MARIBYRNONG WETLANDS POND

MARIBYRNONG WETLANDS POND WITH THE LARGE ISLAND AND TREES IN THE CENTRE – 31st May 2017

At the risk of getting too repetitious, my trip to the Maribyrnong Wetlands pond on Monday of this week revealed all the usual ducks and scenery, but I’m a great believer in ‘making hay while the sun shines’.

If it’s sunny in mid-winter, any outing is worth all that lovely fresh air and practice with photographing the local bird life.

THERE WERE SEVERAL PACIFIC BLACK DUCKS AND MOST SEEMED TO BE IN THE SHADE/PROTECTION OF THE WATER REEDS, 2 DUCKS SWAM IN MY DIRECTION (IN THE HOPE OF SOME FOOD PERHAPS?)

The bus from right outside my local shops and medical centre takes me straight down the steep river valley to a stop about 20 feet from the large pond next to the river walking path.

ONE (OF TWO) DUSKY MOORHENS SWAM BY SO FAST I NEARLY MISSED THE SHOT.

When I got off the bus on Monday, I was rather taken aback at the strength of the wind and was wishing I had my walking stick, (or even my shopping trolley), to anchor me to the ground (and I am no lightweight).   If it had been raining and I’d had an umbrella, no doubt the wind would have blown it inside out.

THIS IMAGE TAKEN ON THE RIVER SIDE OF THE POND SHOW THE WIND SENDING THE WATER REED LEAVES NEARLY HORIZONTAL.

There weren’t many birds visible on the water surface which was rather strange in many ways, as the local children’s playground is next door and I can well imagine families with young children ‘feeding the ducks’ at any time of the day (or season).

The wind gusts almost seemed gale-force at one stage (and bitterly cold despite the warm sun and blue sky), that I quite literally, photographed the ducks, walked around to the other side of the pond, where I nearly got blown over, back across the rocky causeway and across the road to catch the bus home again 😀

 

There’s some lovely succulents in the long broad garden strip next to the bus stop and being on a raised garden bed means I can photograph them without bending down low.

The bus wasn’t due for another 35 minutes according to the timetable on the lamp post, so I crossed back over the road and caught a bus heading the other way to the local Asian fresh food market to get some vegetables and fruit and then…………………home again 🙂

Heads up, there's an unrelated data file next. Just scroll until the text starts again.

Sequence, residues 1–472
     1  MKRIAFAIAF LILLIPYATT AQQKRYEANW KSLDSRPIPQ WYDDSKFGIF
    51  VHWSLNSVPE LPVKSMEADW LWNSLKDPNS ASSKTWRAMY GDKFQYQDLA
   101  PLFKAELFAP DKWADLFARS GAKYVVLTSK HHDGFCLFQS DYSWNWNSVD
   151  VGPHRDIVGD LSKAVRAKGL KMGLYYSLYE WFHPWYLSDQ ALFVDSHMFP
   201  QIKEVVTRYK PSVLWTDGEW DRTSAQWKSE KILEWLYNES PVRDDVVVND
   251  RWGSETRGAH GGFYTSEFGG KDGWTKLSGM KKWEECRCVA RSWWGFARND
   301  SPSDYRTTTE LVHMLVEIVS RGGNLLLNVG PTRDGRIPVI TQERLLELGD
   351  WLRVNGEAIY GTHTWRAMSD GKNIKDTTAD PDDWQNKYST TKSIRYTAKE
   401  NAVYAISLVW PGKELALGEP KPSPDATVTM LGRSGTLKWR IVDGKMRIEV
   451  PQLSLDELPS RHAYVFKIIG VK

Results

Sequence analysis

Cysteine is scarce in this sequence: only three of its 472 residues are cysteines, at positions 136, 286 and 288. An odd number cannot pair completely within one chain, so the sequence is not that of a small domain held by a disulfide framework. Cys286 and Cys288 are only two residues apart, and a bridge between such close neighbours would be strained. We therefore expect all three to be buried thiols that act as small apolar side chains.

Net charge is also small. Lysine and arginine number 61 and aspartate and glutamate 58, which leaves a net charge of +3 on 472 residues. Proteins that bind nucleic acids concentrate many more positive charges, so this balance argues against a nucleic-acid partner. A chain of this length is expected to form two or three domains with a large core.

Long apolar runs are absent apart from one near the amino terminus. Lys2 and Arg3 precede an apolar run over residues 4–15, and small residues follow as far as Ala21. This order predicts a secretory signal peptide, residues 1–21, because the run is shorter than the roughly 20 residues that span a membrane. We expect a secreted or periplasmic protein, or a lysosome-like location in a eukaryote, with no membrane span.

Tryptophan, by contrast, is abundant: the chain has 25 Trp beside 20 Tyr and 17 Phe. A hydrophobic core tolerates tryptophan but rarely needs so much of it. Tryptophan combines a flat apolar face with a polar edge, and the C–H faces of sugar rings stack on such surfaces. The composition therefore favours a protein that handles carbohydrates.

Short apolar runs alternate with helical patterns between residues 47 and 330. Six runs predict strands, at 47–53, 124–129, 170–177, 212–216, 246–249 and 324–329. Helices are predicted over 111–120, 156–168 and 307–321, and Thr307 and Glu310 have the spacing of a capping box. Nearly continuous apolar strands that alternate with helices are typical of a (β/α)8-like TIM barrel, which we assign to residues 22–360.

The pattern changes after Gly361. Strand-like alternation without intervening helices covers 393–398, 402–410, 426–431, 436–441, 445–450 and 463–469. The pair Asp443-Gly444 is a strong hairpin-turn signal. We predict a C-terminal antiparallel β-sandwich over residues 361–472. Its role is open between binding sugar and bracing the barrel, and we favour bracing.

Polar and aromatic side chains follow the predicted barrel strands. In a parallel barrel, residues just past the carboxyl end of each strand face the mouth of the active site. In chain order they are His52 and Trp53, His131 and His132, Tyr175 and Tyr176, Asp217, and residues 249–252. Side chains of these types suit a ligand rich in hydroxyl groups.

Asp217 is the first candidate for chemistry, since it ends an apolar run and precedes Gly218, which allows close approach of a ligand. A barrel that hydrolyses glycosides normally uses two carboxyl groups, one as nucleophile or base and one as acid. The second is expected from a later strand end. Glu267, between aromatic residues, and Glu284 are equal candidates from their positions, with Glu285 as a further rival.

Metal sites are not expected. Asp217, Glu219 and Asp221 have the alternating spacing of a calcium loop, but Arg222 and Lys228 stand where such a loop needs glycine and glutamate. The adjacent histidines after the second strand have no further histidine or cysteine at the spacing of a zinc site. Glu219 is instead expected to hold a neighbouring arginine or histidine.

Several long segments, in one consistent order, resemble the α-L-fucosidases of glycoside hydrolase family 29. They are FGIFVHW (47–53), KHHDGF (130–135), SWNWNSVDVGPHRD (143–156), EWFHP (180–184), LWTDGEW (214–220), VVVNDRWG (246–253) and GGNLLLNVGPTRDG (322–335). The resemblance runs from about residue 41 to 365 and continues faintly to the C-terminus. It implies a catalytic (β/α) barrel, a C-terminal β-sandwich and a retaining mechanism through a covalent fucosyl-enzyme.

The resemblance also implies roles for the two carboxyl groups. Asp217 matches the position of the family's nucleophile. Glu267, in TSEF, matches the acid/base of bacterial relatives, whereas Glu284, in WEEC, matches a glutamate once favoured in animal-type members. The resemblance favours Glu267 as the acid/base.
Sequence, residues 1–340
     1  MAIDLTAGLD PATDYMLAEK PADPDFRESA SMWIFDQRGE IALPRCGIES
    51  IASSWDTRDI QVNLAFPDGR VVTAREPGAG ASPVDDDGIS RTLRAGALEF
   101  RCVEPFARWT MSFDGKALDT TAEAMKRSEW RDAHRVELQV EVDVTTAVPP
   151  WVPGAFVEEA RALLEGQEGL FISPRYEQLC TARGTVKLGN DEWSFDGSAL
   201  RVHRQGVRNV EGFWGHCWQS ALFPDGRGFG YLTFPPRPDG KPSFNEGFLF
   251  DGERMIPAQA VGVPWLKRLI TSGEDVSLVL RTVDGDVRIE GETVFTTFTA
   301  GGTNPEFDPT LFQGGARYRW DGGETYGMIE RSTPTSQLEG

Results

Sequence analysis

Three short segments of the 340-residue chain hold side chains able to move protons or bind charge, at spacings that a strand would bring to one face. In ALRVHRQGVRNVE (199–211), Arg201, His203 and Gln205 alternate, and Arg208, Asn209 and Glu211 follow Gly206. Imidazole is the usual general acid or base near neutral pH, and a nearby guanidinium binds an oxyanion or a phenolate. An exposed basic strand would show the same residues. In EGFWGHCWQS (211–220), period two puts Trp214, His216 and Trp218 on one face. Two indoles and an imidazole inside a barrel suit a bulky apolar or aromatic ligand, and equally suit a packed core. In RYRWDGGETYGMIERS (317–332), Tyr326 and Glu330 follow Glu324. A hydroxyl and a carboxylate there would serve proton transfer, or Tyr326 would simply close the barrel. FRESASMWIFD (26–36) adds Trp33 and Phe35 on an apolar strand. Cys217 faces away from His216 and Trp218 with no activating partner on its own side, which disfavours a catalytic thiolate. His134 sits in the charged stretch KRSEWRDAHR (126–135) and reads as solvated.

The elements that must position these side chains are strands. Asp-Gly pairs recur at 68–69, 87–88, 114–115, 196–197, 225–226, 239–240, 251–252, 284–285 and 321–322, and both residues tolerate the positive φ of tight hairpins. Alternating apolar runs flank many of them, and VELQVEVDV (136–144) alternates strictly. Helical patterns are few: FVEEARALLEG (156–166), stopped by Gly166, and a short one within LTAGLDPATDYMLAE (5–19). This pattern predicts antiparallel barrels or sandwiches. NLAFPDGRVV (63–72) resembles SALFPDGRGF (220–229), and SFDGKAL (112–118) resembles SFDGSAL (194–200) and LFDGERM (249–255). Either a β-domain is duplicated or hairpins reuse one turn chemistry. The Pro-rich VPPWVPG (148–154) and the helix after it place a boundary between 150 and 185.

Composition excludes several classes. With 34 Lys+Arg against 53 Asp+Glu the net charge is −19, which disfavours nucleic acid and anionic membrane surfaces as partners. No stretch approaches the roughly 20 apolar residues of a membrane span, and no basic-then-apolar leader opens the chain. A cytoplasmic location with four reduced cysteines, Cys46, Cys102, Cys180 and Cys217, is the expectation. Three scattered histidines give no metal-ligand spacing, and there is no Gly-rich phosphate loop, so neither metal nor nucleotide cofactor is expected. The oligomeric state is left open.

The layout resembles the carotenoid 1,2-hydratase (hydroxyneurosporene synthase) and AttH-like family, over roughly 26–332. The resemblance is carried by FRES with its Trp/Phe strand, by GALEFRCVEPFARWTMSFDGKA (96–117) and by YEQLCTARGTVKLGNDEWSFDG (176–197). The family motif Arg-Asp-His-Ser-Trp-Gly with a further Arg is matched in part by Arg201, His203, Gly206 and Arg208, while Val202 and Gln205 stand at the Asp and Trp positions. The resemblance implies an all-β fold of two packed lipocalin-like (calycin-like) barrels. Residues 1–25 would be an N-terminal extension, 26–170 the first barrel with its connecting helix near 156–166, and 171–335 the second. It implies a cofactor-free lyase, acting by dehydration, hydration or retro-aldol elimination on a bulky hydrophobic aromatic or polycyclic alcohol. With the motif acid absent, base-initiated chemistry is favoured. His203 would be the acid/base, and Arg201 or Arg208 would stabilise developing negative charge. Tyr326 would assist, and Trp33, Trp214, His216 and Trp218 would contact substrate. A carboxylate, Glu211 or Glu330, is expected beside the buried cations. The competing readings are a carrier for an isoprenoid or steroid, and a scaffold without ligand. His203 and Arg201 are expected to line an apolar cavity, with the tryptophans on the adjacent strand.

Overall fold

That must be about the quickest, shortest walk I’ve ever done 😀

Note: I’ve added a couple of images from 2018 & 2017 to show the area (one at the start of this post and one below that I shared not too long ago).   The trees and water reeds you see in the top half of the image below are actually on the island, so you’re only looking at the eastern side of the large pond.

In summer this portion of the pond you see below is nearly dried up and the ducks tend to go around to the road side of the pond to find some water to swim in.

Near one of the other ponds, shown in the map below, about 10 minutes walk from my home, you’re more likely to see the birds near the end of this post.

THE BROKEN LINE DENOTES MY OLD WALKING PATH (BEFORE MY HIP OSTEOARTHRITIS GOT TOO SEVERE TO WALK VERY FAR) AND THE UN-BROKEN LINE DENOTES THE BUS ROUTE I NOW TAKE TO VISIT THE MARIBYRNONG WETLANDS POND. AS YOU CAN SEE BY THE LETTER “H” (FOR HOME), I LIVE ON THE EDGE OF THE GREEN BELT (UP AND DOWN THE RIVER). I’VE LIVED NEXT TO RIVER, PARKLAND OR THE ROYAL BOTANIC GARDENS FOR OVER 30 YEARS – HOW LUCKY AM I.

The large expanse of lake-like water between the main river and the housing estates is often quite empty of bird life, but sometimes I get lucky (with the shots below).

WHITE-FACED HERON AT THE NEAREST POND ABOUT 10 MINUTES WALK FROM MY ‘BACK GATE’

THIS TIME LAST YEAR

Grant me the serenity to accept the things I cannot change, the courage to change the things I can and the wisdom to know the difference.